“Indeed, all the variables used by the National Bureau of Economic Research (NBER) to date recessionary periods will continue to contract or display subpar growth. However, I now anticipate that policy measures and other factors will boost real GDP growth, albeit in a temporary manner, in the second half of 2009. Yet the shape of the recovery (will it be V, U or W?) and other challenges will influence the US economic outlook going forward. Growth will remain well below potential in 2010, while the shape of the recovery will be closer to a U.

“Some of the so-called ‘green shoots’ observed in the economy in recent months can be defined as green shoots only if compared with the economic picture painted at the beginning of the year. The contraction in some indicators, such as industrial production, is still comparable to the recessions in the 1970s and 1980s. The July 2009 employment report displayed ‘only’ 247,000 nonfarm payroll losses - hardly qualifying as a green shoot in any other postwar recession. However, given how close the US was to entering a depression, even 250,000 payroll losses seem capable of cheering up investors.

“In the second half of 2009, as the economy bottoms out from a record contraction (the worst in the last 60 years), adjustments, such as slower inventory destocking, will occur, while policy measures such as ‘cash for clunkers’ will boost auto production and induce continued spending brought on by the stimulus. These factors will likely bring US real GDP growth back to positive territory in the third quarter of 2009. However, the NBER is not likely to call the end of the recession until at least late 2009 or early 2010. In addition to GDP growth, the NBER looks at four variables in making recession calls: real personal income less transfer payments; real manufacturing and wholesale-retail trade sales; industrial production; and payroll employment.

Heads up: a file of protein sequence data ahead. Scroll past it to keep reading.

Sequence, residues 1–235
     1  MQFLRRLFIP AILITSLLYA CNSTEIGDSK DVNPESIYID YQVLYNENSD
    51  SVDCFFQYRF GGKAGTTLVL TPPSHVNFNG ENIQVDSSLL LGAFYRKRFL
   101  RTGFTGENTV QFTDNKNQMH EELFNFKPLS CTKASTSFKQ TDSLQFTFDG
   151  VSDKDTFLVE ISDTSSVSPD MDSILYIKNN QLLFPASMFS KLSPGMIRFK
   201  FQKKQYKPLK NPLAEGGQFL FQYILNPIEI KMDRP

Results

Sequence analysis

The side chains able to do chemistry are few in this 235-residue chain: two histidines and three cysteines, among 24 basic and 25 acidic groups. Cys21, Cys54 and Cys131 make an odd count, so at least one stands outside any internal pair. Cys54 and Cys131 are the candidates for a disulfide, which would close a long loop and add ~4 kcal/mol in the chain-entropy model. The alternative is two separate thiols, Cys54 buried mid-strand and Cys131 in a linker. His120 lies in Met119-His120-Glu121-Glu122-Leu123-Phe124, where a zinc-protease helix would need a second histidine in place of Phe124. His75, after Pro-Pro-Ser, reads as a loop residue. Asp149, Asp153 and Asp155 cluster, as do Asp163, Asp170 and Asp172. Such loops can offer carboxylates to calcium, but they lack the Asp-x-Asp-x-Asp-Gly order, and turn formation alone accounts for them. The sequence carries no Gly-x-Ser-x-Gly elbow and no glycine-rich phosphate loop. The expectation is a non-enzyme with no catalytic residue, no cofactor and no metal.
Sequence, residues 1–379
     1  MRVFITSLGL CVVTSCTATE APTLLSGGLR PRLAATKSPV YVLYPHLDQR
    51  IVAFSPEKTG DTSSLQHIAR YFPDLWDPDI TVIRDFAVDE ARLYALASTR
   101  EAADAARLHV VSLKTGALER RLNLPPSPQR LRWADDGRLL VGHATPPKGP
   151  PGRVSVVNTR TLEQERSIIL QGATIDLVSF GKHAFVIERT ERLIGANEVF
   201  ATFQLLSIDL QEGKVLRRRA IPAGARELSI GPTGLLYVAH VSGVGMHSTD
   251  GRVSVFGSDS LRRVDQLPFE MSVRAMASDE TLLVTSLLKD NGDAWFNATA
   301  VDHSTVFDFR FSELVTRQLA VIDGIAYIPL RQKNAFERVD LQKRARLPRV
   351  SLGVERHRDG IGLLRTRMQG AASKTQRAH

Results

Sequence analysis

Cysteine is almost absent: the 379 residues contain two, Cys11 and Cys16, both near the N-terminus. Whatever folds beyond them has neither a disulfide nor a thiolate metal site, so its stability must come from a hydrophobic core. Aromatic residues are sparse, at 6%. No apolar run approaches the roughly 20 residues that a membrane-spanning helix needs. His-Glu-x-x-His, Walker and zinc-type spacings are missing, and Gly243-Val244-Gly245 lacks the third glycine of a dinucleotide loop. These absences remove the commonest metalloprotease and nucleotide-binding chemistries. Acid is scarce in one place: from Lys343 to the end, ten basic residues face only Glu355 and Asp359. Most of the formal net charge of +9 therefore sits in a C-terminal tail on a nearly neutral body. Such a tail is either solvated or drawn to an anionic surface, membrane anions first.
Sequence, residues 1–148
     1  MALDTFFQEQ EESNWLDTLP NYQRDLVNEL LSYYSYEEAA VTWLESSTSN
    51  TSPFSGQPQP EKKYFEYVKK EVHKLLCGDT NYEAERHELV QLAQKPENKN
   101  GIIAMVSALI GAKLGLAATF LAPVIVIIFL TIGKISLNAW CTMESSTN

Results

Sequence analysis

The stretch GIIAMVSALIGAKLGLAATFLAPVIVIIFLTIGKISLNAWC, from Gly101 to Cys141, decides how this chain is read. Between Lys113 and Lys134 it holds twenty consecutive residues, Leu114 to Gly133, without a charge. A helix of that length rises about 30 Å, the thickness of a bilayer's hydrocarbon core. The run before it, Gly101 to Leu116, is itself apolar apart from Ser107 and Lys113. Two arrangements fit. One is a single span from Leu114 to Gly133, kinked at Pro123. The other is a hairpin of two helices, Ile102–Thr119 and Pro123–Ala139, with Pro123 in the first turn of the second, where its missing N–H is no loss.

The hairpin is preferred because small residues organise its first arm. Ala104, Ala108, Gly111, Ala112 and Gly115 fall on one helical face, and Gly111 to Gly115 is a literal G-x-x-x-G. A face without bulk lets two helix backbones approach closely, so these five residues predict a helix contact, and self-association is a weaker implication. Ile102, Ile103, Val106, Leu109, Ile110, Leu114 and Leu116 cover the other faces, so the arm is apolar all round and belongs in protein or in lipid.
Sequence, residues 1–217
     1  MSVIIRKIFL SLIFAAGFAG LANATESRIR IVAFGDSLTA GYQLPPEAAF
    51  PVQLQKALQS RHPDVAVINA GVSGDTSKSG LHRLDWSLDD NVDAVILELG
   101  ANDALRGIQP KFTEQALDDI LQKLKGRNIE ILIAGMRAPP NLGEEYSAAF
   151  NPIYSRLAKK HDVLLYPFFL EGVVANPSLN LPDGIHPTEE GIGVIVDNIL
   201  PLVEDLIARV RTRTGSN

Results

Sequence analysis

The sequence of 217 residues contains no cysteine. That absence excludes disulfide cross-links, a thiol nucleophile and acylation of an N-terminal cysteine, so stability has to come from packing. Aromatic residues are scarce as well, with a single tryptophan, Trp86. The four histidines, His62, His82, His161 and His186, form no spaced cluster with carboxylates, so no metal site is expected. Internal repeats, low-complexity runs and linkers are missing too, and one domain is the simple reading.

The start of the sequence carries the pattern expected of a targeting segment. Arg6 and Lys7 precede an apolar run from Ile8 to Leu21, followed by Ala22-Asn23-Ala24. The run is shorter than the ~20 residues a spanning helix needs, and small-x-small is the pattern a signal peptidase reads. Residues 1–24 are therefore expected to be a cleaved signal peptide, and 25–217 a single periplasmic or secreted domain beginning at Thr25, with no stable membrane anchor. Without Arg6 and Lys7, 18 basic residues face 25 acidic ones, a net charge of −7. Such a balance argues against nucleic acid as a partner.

“While all of these indicators might perform better in the second half of 2009 than in the first, they are likely to remain in contraction or register subpar growth. With the labor market now a leading indicator for the recovery in private consumption and the wider economy, trends in payrolls will definitely influence the NBER’s call.”

Click here for the full article.

Source: Nouriel Roubini, Forbes, August 20, 2009.

IFO: Clear Improvement in the Ifo World Economic Climate “The Ifo World Economic Climate Indicator rose in the third quarter of 2009 for the second time in succession. The rise in the indicator was primarily the result of the clearly more favourable expectations for the coming six months. But also the appraisals of the current economic situation have improved slightly for the first time since the third quarter of 2007.